How an experiment about consciousness in rhesus monkeys may imply two kinds of cognitive processing
David L. Boyer
Author’s c.v.: David L. Boyer. B.A. 1968, Yale College. M.S. 1970, Pacific Lutheran University. Ph.D. 1977, Boson University. Taught in the Philosophy Department at St. Cloud State University, 1976-2006.
Abstract: M.S. Ben-Haim et al. have shown that rhesus monkeys, like humans, can be visually conscious: both guess differently, left or right, about a target image depending on whether a hint was subliminal. This intrigues in the philosophies of psychology and mind, both carried out in large part by psychologists. Based on information as found in nature I offer definitions—none very original, and briefly developed—of cognition, representations and consciousness. Laypeople register these routinely in ourselves and fellow humans. Information in nature has causal, propositional and inferential features that cognitive systems inherit. I derive a possibly testable speculation about how unconscious and conscious processing may have worked differently in the experiment: in the latter, the humans and monkeys took a cognitive step back and made inferences based in part on the character of their (single or series) visual representations of the cue lights, thereby comparing them to the targets.
- The research
Researchers at Yale and other universities have shown that rhesus monkeys are able, like humans, to be conscious of some of what they see; they have devised a method for detecting this. A popular report describes their work:
In a series of experiments, they had monkeys and humans guess whether a target image would appear on the left or right side of a screen. Before the target appeared, participants received a visual cue—a small star—on the side opposite of where the target would subsequently appear. The researchers varied whether the cue was presented supraliminally [long enough to be noticed] or subliminally. When the cue was presented for a few seconds, human participants successfully learned that the target would appear in the opposite location from the cue. But when the cue was presented subliminally—quickly enough that it escaped people’s conscious perception—participants showed a different pattern of performance; they continued to choose the side that was subliminally cued, failing to learn the rule that the cue predicted the opposite side.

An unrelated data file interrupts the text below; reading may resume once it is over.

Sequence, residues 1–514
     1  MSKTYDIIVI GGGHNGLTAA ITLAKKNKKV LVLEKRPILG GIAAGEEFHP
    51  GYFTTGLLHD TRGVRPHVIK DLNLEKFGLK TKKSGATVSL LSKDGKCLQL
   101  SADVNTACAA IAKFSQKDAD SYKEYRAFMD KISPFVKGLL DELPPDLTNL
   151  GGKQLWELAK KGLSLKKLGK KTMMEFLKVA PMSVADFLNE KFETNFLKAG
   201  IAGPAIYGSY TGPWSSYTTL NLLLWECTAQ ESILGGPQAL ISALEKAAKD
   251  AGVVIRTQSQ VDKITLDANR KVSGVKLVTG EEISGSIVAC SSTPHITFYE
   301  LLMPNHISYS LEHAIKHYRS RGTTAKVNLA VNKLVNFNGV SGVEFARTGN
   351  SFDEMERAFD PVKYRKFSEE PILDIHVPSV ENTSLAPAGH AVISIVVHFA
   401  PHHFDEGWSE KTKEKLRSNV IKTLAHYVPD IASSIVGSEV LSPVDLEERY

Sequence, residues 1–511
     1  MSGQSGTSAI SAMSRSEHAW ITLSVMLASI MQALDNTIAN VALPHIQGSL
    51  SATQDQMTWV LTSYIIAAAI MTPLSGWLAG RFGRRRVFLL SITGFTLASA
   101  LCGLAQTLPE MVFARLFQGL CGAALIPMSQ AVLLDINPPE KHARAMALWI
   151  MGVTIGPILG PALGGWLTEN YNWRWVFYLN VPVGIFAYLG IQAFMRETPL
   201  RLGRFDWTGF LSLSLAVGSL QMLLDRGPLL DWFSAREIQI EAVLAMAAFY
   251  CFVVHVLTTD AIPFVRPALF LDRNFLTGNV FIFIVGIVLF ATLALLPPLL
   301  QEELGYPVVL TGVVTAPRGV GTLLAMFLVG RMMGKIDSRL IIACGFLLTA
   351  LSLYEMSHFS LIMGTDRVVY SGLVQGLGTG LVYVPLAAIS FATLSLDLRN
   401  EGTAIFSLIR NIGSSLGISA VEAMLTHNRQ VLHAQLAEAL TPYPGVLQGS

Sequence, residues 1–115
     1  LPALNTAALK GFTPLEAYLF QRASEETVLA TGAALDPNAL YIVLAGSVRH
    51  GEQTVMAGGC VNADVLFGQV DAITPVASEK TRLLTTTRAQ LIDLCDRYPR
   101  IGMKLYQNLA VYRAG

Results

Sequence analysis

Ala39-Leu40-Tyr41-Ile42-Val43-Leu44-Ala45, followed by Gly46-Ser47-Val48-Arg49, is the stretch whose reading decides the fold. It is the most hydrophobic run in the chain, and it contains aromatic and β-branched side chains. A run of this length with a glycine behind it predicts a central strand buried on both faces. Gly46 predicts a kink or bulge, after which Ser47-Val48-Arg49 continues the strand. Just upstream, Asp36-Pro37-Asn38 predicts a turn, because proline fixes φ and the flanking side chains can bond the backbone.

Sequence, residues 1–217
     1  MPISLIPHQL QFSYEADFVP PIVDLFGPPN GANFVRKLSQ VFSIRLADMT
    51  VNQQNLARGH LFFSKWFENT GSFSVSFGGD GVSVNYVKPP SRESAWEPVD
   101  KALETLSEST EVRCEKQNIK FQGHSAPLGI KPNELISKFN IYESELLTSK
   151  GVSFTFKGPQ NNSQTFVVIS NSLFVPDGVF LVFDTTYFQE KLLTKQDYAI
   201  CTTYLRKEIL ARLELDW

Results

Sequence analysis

Surprisingly, the researchers found that monkeys showed exactly the same response patterns as the people did….
The researchers conclude that some perception by rhesus monkeys is conscious and some unconscious; and that these utilize two different levels of processing. It is that point about levels of processing that I’ll try to enlarge on by the end.
I will suggest, broadly, what kind of distinctive processing may be at work on the conscious side. Along the way I’ll sketch one connection between the philosophy of consciousness and psychological research.
To do so I’ll sneak up on a conclusion about consciousness in rhesus monkeys, starting from a sketch of philosophy in general and working towards philosophical accounts of consciousness. I’ll unavoidably start a lot of hares, that is, raise collateral philosophical problems I won’t address, in part because doing so won’t advance my purposes here and in part because other philosophers know many times more than I do about those inhouse controversies. Some definitions I’ll just wave at in passing. I’ll spring my conclusion, specifically about conscious and unconscious processing in monkeys and humans, right at the end.